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Extension Candidate: Rudy Gobert

The increased usage of smaller lineups, along with a greater emphasis on 3-point shooting, theoretically reduces the need for a quality center. Considering the contracts being handed out, that’s not the case.

Olympics: Basketball-Men's Team-Preliminary SRB vs FRAHassan Whiteside, despite a somewhat limited track record, was a hot commodity on the free agent market this summer. He received a max four-year extension to stick with the Heat. Joakim Noah, who lost his starting job with the Bulls and was injured the second half of last season, got a truckload of money to sign with the Knicks.

Andre Drummond, even with his free throw shooting issues, received a max five-year extension from the Pistons.

Unheralded centers such as Timofey Mozgov, Ian Mahinmi and Bismack Biyombo landed giant contracts while jumping teams.

Given those developments, Rudy Gobert shouldn’t have much trouble receiving a max contract offer — or something close to it — from the Jazz. The biggest question mark is whether Utah will decide to lock up its defensive stalwart prior to the regular season or take some risk by waiting until next summer, when Gobert can become a restricted free agent.

The two parties agreed to delay the process until the Rio Olympics wrapped up. Gobert was busy playing for Team France, then decided to stay overseas for a couple of weeks before returning to Utah late this month or in early September to get ready for the NBA season.

From a salary cap standpoint, the Jazz certainly have the freedom to hammer out an agreement by the end of training camp, the deadline for rookie scale contract extensions. One or both parties might also want to get it done before the possibility that NBA Players’ Association or the league opts out of the current Collective Bargaining Agreement. That could occur in mid-December and go into effect after the season.

Utah has just $34.3MM in guaranteed salary commitments for 2017/18, though its inclusive totals (non-guaranteed salaries, early termination options, etc.) is closer to $78.3MM. The projected salary cap for that season is $102MM.

So why would the Jazz wait to extend Gobert entering his prime years at 24 years old? The 7’1” Gobert has a modest $5.3MM cap hold. That gives the Jazz plenty of flexibility in terms of re-signing their free agents, pursuing top free agents and making trades next offseason if they hold off on Gobert’s extension.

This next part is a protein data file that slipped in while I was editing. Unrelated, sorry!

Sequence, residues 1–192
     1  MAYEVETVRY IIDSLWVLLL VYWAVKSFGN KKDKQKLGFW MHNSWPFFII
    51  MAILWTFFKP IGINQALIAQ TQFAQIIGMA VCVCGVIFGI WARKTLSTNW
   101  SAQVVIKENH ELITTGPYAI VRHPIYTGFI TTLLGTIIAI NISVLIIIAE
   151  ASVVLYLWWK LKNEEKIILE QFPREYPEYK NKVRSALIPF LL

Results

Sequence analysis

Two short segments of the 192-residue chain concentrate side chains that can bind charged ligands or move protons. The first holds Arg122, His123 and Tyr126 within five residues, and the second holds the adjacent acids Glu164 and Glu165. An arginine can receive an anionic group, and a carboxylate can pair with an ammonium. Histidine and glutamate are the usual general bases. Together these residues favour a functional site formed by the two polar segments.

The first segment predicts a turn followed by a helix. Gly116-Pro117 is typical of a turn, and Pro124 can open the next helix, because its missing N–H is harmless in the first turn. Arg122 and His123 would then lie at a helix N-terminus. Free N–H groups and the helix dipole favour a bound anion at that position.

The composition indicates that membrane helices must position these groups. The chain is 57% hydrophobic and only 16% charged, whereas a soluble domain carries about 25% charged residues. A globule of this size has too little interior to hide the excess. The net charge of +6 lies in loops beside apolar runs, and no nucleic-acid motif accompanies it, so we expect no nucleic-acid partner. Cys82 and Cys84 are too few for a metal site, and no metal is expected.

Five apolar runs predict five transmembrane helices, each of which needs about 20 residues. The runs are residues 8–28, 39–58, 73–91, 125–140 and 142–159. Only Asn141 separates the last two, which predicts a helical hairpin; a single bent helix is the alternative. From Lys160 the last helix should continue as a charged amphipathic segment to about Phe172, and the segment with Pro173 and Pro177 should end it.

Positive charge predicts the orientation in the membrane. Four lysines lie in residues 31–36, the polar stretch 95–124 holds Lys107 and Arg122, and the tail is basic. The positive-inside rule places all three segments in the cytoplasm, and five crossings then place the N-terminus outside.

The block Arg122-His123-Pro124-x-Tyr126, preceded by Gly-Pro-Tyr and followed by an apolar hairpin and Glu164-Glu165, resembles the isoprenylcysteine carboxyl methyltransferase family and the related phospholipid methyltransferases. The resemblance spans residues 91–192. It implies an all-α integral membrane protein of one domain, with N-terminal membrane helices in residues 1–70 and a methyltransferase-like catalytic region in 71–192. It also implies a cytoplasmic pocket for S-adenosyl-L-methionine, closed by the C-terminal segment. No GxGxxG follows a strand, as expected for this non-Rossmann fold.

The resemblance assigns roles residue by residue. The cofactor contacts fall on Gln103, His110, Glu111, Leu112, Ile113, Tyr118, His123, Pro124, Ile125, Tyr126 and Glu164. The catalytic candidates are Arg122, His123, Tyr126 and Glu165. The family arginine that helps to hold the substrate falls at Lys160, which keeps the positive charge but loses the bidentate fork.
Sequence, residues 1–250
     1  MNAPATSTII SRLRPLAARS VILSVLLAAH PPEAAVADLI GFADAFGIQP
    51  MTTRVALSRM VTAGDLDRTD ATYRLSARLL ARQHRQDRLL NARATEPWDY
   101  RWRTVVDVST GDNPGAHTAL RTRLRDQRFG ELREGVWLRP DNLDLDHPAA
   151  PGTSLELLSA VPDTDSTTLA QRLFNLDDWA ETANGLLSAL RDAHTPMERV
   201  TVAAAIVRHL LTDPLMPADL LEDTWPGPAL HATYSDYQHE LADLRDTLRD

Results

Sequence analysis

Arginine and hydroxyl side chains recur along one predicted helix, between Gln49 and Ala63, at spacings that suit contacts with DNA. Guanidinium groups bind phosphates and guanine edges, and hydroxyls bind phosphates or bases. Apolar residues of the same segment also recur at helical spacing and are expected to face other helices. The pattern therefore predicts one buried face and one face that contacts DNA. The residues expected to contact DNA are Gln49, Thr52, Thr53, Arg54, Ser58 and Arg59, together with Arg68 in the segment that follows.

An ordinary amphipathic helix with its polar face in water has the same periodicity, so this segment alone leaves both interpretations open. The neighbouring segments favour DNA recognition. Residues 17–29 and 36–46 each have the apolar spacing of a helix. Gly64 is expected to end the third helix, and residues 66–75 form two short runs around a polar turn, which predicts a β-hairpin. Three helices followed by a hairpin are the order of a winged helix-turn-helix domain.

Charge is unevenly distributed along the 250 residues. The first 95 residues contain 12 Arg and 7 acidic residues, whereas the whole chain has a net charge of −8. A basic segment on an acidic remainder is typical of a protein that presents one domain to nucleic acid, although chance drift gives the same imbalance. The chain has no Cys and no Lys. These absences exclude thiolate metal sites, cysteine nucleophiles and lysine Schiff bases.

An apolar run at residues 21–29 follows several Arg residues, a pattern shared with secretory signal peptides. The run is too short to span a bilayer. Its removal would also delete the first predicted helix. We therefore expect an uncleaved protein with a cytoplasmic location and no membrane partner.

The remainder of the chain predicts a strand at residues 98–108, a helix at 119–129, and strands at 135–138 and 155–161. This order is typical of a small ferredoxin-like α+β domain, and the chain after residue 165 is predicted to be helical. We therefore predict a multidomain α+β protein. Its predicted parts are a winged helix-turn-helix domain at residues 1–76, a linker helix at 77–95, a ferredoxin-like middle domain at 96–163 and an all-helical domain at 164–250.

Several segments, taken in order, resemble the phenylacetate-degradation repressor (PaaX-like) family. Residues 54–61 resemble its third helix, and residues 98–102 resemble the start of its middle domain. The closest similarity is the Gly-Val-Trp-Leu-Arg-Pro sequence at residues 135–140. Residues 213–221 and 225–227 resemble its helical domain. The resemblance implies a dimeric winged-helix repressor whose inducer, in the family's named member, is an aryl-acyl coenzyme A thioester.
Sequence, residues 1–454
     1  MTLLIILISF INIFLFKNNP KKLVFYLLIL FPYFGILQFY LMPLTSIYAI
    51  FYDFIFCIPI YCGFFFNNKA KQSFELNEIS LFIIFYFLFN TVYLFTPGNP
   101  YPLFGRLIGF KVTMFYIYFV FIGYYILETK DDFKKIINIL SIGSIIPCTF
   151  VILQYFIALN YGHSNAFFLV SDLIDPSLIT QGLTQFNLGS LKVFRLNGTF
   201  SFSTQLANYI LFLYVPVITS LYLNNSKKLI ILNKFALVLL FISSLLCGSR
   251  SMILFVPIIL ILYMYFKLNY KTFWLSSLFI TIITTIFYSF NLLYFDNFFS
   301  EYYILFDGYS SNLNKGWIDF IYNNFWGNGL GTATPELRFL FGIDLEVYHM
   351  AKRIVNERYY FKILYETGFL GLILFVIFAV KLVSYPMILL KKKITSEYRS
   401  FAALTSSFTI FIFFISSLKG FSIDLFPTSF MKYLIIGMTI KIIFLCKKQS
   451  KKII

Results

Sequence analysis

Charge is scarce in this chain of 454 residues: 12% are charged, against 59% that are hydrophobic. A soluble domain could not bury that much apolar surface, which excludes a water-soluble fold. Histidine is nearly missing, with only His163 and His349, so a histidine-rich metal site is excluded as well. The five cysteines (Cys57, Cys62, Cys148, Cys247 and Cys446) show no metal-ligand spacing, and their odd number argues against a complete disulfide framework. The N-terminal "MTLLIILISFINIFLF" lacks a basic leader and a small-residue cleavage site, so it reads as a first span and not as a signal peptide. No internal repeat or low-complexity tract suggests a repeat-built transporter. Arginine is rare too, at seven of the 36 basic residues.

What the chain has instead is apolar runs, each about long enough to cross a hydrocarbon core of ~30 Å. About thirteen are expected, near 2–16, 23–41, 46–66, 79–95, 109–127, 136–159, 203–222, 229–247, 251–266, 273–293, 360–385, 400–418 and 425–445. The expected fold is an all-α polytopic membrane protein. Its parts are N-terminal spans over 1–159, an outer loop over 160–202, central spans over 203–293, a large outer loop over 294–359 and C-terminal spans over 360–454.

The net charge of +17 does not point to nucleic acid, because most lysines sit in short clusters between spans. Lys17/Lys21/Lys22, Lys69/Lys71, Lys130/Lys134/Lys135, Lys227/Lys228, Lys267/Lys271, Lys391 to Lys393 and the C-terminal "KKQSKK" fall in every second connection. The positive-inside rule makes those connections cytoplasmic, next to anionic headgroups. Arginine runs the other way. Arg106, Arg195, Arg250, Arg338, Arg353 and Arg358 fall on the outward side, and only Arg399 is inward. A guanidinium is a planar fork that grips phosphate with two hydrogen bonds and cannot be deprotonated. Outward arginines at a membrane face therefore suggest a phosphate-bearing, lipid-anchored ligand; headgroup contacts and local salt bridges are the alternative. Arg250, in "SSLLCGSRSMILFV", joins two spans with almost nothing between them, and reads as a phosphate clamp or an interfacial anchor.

Utah also has some major decisions regarding two of its other top players. Power forward Derrick Favors is eligible for a veteran’s extension right now. Small forward Gordon Hayward can opt out of the final year of his contract and become an unrestricted free agent next summer. Hayward will almost certainly command a max salary if Utah tries to retain him.

Point guard George Hill, arguably the Jazz’s biggest addition this offseason, is entering his walk year. Hill’s current $8MM salary is well under market value for a starter and if the Jazz want to make him a competitive offer next summer, they’ll probably have to give him a huge raise.

Gobert has not been a major part of the Jazz’s offense, even as his playing time has grown the past two seasons. He’s never averaged more than six shot attempts in his three NBA seasons.

As a part-time starter in 2014/15, Gobert averaged 8.4 points, 9.5 rebounds and 2.3 blocks. Those numbers improved slightly to 9.1/11.0/2.2 as a starter last season, though he was limited to 61 games because of injuries.

Free throw shooting is also a problem for Gobert — he’s made 58.5% of his foul shots during his short NBA career.

His value on the defensive end overshadows his offensive deficiencies. According to Basketball-Reference.com’s Defensive Box Rating, he was the league’s second-best defender (4.8) last season behind the Spurs’ recently-retired Tim Duncan (5.0). His Defensive Box Rating the previous season was even higher at 5.1, behind only the Warriors’ Andrew Bogut (5.5).

Difference makers on either side of the ball are hard to find and there’s no viable option on the roster to replace Gobert. Thus, it’s reasonable to assume he’ll be maxed out, though it’s conceivable he could give the club a little discount in order to get the extension done early. Remember, if the Players’ Association or league opts out of the CBA, the rules regarding contracts could be significantly altered.

How much could Gobert receive? According to Eric Pincus of Basketball Insiders, players with less than seven years of service could get a max of approximately $24MM under the projected cap of $102MM. With 7.5% raises each season, Gobert could sign a four-year extension worth approximately $107.35MM. A five-year extension could max out around $139.4MM.

That’s an awful lot of money to shell out for someone who isn’t an offensive threat or considered a franchise-type player. Having multiple players making max money severely curtails what clubs can do with their rosters, even with the recent rise in the salary cap. The Jazz might be hesitant to commit about half its cap to Hayward and Gobert, who fall short of superstar status.

Yet it’s abundantly clear that retaining Gobert will require something at or close to the max. The market for big men is as competitive as ever, whether or not teams continue to play small ball.

(Photo courtesy of John David Mercer / USA Today Sports Images)

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